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Another country with nuclear aspirations is watching the North Korean standoff closely

  • Iran may come to believe that if North Korea can get away with building a nuclear weapon in spite of U.S. protests, then it can, too.
  • Officials warn Iran could be the winner in the apparently escalating crisis.

As the world turns its attention to reports that North Korea has mastered a key component to making a nuclear missile, experts warn that the White House must also keep its eye on Iran.

The concern, some say, is that Tehran will see that if North Korea can get away with building a nuclear weapon in spite of U.S. protests, then it can, too.

Matt Levitt of the Washington Institute for Near East Policy said North Korean progress may lead Iran to try to become the next nuclear power. "It's a human and emotional response, but also logical," he said of Tehran's possible goals.

Adding to worries Iran will try to take advantage of the U.S. focus on North Korea, a top aide to supreme leader Kim Jong Un is on a 10-day trip to meet with Iranian leaders in Tehran, according to official North Korean news reports. The reports say top officials from North Korea's army, navy and air force are part of the trip.

Alireza Nader, an expert on Iran for the global policy think tank RAND Corp., said the meetings aren't surprising. "Iran and North Korea cooperate on many fronts but mostly on defense," he said.

Nader added that "most of the North Korean relationship with Iran centers on missile systems. North Korea was helping Iran, but now Iran is helping North Korea with technology for inter-continental ballistic missiles."

The Iran-North Korea relationship

Despite colliding ideologies, the relationship between the Islamic Republic and communist-atheist North Korea began to blossom during the Iran-Iraq war in the 1980s. Iran sold oil to North Korea to raise cash for military supplies. Iran still ships some oil to North Korea, but that's limited because North Korea doesn't have much to trade in return for the fuel. "The relationship is really more military than anything" according to Nader.

Levitt cautioned, however, that the North Korean crisis and the situation in Iran are not entirely parallel: "Iran is not a closed economy that is entirely blocked off from the rest of the world, while North Korea largely is."

Iranian President Hasan Rouhani, right, meets with a top North Korean leader, Kim Yong Nam, in Tehran, Iran, Saturday, Aug. 3, 2013.
Ebrahim Noroozi | AP
Iranian President Hasan Rouhani, right, meets with a top North Korean leader, Kim Yong Nam, in Tehran, Iran, Saturday, Aug. 3, 2013.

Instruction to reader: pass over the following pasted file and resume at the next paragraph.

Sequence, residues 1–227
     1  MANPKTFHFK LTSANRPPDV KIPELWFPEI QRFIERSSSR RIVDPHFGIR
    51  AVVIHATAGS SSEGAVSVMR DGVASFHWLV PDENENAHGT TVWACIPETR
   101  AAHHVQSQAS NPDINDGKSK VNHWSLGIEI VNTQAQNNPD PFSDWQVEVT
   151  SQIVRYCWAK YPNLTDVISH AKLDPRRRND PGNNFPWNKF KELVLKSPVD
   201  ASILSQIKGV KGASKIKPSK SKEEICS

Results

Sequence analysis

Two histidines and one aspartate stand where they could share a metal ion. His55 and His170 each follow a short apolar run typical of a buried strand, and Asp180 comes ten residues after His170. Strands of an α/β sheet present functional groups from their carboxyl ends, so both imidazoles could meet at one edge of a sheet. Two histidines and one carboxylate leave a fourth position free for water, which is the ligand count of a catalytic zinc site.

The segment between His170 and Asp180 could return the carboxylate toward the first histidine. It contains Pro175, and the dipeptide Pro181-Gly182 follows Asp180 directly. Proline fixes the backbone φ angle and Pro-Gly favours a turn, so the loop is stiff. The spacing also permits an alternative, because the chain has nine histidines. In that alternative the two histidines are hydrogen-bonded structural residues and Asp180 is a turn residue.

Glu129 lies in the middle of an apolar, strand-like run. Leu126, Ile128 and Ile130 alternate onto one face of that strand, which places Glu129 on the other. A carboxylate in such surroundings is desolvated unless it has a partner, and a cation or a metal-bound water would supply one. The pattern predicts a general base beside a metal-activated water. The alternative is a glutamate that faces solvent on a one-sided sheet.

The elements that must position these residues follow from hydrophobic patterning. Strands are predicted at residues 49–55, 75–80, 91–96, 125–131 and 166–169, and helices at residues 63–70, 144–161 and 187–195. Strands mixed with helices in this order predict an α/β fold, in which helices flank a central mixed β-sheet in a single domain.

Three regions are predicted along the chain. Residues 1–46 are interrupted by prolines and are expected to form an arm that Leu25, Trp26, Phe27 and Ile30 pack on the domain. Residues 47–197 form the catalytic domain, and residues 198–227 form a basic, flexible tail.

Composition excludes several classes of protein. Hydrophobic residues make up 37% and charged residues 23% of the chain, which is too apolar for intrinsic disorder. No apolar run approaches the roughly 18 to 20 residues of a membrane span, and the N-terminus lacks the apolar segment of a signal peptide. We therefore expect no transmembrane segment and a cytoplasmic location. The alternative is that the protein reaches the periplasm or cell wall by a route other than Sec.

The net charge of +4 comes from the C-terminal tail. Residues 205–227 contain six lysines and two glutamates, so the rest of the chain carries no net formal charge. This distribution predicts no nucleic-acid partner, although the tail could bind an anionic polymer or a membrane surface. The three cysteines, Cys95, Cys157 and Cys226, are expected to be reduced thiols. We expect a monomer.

That is, Tehran has more to lose from breaking the 2015 international nuclear deal that eased sanctions on the country, while North Korea is a true rogue nation. In fact, French automaker Renault earlier this week struck a deal to build cars in Iran, and energy giant Total recently reached a deal with the Iranians.

Estimates show that more than 90 percent of all trade conducted by North Korea goes through China, whereas Iran is seen as a regional power in the Middle East.

But, Levitt added, "when one situation goes wrong it is inevitable that you think about the other." Still, he said, President Donald Trump's administration right now has no choice but to focus most of its attention on North Korea.

Dealing with multiple trouble spots

Former U.S. ambassador Ed Walker disagreed. Walker, who served in Egypt, Israel and the United Arab Emirates, said it's crucial that the Trump team focuses on both issues at the same time.

"As soon as you start distracting U.S. efforts to contain Iran, that frees up space for Iran to move forward with its nuclear program," he said.

A ballistic missile is launched and tested in an undisclosed location, Iran, March 9, 2016.
Mahmood Hosseini | TIMA | Reuters
A ballistic missile is launched and tested in an undisclosed location, Iran, March 9, 2016.

Walker also said that if the Trump administration can't keep both issues in check at the same time, "they should quit and go home."

"President Trump has put himself at a terrible disadvantage by leaving key posts at the State Department unfilled and by not hiring qualified staff fast enough," said Walker, who served under Presidents George H.W. Bush and Bill Clinton.

In an interview with CNBC's "Squawk Box" last week, Michael O'Hanlon, a Brookings Institution specialist in defense strategy, warned that Iran is watching what's happening on the Korean Peninsula closely and using it as a test. He asked rhetorically, "What lessons will Iran draw if North Korea gets away with not only getting a bomb, but building up continuously with China and Russia tolerating it?"

While the North Korean nuclear front is clearly escalating, tensions with Iran are hardly dissipating. After the White House said it wants inspections of Iranian military facilities, a spokesman for Iran's foreign ministry mocked the push, reportedly calling it "possibly something that a satirist wrote up."

RAND's Nader said the Trump administration would be wise to not push for more inspections of Iran just for the sake of testing the nuclear deal.

"If there is true suspicion of Iranian cheating or violating the accord, then the U.S. should increase inspections," said Nader. But, he added, the North Korea crisis is a great example of why the current deal is so important. "Iran is under a heavy inspections regime, North Korea was not."